Yes, that’s a quote from William Butler Yeats.
Back in university, when I had some free time in my class schedule, I had the opportunity to take a Creative Writing class. My professor was Barry Spacks, a poet and all-around brilliant man. It was a small class, maybe ten of us or so, and remains one of my favorite courses of all time.
I remember Barry telling us during what must have been the first week of class that he loved serendipity. He especially loved hearing people change the words of poetry during recitation. Each of us had to choose a poem to recite in class, and I chose “An Irish Airman Foresees His Death” by Yeats. Barry pulled me aside after the recitation, and told me that he found it interesting that my “serendipity” was to forget the line “a lonely impulse of delight.” He felt I should think about that.
And think I did. Barry Spacks challenged me and pushed me and encouraged my fear-based, 21 year old self to take risks. As graduation approached, he urged me to just go ahead and start releasing my poetry in small collections called chapbooks. It took me until January 1 of this year to follow that advice.
He was constantly available to his students: whether for a writing critique, or just a few spare minutes to shoot the breeze, Barry’s door was always open. He helped me to take risks, in my small and cautious way (haha) and helped clarify my view of what I wanted from my life as a writer.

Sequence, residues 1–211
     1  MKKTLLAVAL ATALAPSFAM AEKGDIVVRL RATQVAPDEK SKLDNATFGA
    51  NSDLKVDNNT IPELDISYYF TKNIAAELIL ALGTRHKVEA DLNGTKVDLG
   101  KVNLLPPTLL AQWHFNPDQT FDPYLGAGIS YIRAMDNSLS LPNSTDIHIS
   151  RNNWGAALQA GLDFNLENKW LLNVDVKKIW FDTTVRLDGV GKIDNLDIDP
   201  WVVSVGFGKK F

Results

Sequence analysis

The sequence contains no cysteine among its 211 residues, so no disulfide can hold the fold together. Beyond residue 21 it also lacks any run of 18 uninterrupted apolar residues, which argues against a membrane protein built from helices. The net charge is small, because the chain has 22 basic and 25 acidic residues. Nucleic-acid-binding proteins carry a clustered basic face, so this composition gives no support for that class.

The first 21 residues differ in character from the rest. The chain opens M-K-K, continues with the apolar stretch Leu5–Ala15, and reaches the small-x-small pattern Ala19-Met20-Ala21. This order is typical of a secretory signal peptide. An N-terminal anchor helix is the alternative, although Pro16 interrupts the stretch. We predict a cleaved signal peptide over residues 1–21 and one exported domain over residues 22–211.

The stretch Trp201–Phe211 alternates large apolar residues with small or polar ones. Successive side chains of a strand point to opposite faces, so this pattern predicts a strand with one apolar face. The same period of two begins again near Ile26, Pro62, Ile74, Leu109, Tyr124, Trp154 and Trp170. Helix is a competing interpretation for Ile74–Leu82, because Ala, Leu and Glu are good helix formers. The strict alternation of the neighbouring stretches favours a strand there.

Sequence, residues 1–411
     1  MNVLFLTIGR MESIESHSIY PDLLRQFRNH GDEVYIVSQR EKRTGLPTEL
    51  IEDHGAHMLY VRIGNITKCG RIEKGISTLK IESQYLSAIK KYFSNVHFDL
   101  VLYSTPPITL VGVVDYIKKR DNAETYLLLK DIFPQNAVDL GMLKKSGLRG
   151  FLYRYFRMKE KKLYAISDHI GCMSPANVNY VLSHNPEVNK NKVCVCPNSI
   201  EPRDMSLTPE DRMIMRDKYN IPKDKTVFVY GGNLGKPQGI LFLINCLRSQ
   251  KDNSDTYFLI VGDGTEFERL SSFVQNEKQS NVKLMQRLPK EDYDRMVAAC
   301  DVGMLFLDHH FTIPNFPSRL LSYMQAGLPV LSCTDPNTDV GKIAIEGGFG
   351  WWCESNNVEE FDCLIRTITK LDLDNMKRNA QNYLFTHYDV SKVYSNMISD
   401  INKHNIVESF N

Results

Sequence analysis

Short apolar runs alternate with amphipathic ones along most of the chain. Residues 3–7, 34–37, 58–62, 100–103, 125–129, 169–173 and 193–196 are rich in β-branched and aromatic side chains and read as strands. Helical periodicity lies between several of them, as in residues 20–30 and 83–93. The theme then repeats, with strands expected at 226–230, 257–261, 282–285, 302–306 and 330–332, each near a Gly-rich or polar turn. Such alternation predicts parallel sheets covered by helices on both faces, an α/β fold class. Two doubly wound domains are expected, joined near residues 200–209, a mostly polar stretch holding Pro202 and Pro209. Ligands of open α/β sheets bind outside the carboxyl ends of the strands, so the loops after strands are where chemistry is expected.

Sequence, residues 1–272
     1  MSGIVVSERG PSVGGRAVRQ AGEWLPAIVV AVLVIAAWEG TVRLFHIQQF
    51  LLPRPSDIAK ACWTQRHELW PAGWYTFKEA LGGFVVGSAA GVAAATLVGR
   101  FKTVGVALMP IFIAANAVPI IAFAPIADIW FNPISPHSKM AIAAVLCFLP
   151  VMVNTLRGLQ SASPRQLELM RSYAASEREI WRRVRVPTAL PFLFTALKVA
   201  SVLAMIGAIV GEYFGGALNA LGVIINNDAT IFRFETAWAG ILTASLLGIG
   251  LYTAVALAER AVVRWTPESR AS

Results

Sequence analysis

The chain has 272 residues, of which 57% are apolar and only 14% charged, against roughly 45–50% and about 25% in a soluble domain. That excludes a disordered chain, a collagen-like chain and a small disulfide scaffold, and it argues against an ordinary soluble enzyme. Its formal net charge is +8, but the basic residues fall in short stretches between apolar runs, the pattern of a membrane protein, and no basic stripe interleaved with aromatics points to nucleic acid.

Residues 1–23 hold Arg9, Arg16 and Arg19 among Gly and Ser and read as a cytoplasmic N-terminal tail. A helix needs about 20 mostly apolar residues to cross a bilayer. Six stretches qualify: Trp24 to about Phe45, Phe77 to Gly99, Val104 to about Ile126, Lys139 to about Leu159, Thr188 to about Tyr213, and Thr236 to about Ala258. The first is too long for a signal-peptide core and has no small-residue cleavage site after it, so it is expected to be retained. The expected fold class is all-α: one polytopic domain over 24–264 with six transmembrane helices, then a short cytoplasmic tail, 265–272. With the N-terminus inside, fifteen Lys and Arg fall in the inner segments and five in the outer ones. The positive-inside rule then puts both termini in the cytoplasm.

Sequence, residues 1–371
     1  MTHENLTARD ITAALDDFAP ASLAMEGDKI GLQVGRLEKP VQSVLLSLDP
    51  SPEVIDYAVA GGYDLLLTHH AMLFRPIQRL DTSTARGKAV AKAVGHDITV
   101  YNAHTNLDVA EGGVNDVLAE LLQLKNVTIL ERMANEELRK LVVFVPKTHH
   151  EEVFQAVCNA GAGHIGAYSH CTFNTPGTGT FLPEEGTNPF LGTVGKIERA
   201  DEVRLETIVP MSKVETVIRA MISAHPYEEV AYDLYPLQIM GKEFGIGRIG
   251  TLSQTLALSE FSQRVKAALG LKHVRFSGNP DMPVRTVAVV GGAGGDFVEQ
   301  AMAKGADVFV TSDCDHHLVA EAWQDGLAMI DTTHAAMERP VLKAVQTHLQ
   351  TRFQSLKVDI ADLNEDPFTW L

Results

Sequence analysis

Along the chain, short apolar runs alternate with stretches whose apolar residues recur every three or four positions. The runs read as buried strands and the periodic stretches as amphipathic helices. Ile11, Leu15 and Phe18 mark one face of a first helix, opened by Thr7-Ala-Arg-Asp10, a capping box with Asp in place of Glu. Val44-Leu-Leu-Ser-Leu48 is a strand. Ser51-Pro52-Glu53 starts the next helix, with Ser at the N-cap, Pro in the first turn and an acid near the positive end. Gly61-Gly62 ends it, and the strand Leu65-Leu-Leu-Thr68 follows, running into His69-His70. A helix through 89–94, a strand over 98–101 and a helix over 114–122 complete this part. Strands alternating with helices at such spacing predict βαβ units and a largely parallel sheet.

At the end of that year, Barry and his wife hosted a barbecue for our class. They opened their home to all of us, and this mismatched group of cool kids and nerdy kids who all had a passion for the written word congregated for hours. It’s one of my best memories.
Barry Spacks died on January 28, 2014. During my cancer, we reconnected. He told me to “keep fighting the good fight.” And I was so proud to tell him that I had finally taken the plunge he had encouraged me to take 16 years ago, and share that I had started to publish my work. Since I’m a bit on the fringes of the group, it took until today for the news to reach me.
It’s a bittersweet day. It’s hard to lose a mentor, no matter their age. I look at the slim volume of poetry he presented to me on that last day of class, and its inscription:
“For Caroline, who knows that at times we must labor to make things beautiful.”
I’m privileged to have known you, Barry. And I will never forget you.
Blessings to you all…
In this dream called life at times those loved
must leave us, moving into darkness,
among them celebrants specially blessed
who spent their strength in mothering others.
Death, we’re told, is perfectly safe,
but these, who’d dreamed their days so well,
they teach us a comfort even more vast:
how to dream a diamond’s dream. ~ Barry Spacks